U.S. delegates to the International Congress of Women at the Hague, aboard the MS Noordam, 1915. Library of Congress, Prints and Photographs Division, George Grantham Bain Collection.
Why did World War I begin? Why did America enter the conflict? What place does the war hold in American historical memory? These are questions historian Michael Kazin asks his Georgetown University students, and many of them are stumped. When Woodrow Wilson plunged the country headfirst into its first European fight, he was met with resistance from nearly every corner of American society—in New York City, a women’s march for peace was organized along Fifth Avenue. Today there is no memorial on the National Mall to the American soldiers who fought in the war, but understanding the complex social, political, and economic forces that birthed the war—and American involvement in it—is more crucial than ever.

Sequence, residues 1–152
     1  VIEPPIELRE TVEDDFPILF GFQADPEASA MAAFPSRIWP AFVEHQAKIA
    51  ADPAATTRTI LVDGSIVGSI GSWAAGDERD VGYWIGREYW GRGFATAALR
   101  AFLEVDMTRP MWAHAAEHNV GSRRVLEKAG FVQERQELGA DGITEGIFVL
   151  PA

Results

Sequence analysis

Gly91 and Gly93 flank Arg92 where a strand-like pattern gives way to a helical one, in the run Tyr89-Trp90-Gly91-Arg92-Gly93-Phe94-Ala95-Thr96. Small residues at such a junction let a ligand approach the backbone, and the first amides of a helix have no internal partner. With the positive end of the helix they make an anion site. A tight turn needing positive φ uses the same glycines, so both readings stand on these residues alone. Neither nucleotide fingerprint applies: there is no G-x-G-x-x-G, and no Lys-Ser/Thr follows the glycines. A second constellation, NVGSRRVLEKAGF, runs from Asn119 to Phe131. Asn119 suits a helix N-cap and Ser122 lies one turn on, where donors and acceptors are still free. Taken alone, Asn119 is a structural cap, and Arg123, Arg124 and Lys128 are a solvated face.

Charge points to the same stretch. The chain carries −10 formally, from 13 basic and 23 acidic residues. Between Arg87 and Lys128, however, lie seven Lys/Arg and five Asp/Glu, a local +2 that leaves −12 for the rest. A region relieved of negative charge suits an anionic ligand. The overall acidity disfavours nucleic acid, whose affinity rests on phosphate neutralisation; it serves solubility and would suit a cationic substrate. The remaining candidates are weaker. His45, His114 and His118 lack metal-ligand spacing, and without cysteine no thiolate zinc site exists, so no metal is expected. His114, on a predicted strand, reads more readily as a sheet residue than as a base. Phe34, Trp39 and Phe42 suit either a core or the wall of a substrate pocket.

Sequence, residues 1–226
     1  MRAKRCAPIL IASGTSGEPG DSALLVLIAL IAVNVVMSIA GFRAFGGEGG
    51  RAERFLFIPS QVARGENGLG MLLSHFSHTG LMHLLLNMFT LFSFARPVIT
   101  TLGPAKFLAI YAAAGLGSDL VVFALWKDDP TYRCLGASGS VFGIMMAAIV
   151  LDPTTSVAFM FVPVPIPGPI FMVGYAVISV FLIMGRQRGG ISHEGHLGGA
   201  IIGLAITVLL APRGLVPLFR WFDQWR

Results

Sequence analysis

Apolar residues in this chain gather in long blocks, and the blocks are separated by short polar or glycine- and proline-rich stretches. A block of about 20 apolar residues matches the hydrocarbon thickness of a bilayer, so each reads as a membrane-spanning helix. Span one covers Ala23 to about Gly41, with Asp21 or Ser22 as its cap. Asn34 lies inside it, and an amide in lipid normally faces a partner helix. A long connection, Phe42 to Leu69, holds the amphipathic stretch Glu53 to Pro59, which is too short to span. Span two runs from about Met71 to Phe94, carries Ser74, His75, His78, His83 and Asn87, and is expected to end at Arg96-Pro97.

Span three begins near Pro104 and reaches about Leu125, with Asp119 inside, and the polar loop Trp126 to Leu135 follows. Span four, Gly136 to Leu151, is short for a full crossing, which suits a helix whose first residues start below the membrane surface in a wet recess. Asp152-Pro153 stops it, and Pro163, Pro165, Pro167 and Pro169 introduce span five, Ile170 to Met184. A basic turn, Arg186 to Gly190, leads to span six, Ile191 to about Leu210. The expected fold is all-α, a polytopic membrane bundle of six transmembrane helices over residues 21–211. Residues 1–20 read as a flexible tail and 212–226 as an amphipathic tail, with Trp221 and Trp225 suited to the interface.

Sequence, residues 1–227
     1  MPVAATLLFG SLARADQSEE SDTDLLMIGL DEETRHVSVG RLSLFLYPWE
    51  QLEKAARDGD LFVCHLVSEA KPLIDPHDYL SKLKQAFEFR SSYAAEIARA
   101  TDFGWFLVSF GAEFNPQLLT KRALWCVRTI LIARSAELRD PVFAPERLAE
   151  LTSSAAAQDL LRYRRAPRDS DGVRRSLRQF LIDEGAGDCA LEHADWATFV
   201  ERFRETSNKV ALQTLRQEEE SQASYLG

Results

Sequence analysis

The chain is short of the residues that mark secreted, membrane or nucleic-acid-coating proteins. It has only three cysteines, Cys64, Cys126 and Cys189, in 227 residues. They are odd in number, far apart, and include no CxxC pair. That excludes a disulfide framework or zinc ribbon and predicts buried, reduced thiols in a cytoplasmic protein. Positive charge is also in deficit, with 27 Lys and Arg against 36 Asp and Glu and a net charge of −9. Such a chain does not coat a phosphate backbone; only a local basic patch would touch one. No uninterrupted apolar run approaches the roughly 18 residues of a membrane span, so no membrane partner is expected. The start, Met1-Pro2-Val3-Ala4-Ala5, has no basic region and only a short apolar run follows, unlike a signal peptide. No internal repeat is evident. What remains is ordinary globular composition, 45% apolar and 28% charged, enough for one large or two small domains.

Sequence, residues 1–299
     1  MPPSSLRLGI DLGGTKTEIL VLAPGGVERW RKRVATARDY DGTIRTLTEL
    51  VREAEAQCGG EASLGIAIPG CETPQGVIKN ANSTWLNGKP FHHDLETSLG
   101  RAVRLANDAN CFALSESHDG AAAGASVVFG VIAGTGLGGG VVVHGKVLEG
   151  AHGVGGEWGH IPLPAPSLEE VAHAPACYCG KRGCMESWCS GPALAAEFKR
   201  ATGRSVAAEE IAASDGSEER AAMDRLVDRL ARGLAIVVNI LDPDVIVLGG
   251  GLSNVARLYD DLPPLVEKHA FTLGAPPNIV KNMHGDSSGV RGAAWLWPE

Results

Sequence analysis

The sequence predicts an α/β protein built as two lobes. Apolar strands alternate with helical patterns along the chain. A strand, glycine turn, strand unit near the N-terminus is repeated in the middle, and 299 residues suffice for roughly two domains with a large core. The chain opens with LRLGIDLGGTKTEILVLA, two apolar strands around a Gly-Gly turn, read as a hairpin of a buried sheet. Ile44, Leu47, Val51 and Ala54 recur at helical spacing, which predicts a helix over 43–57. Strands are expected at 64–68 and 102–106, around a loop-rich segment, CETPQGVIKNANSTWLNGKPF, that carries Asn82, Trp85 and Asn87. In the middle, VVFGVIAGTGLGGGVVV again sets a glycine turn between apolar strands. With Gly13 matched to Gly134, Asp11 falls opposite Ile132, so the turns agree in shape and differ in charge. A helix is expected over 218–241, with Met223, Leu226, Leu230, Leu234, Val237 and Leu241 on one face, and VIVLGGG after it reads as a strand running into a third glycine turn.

Lewis Lapham talks to Michael Kazin, author of War Against War: The American Fight for Peace, 1914-1918.
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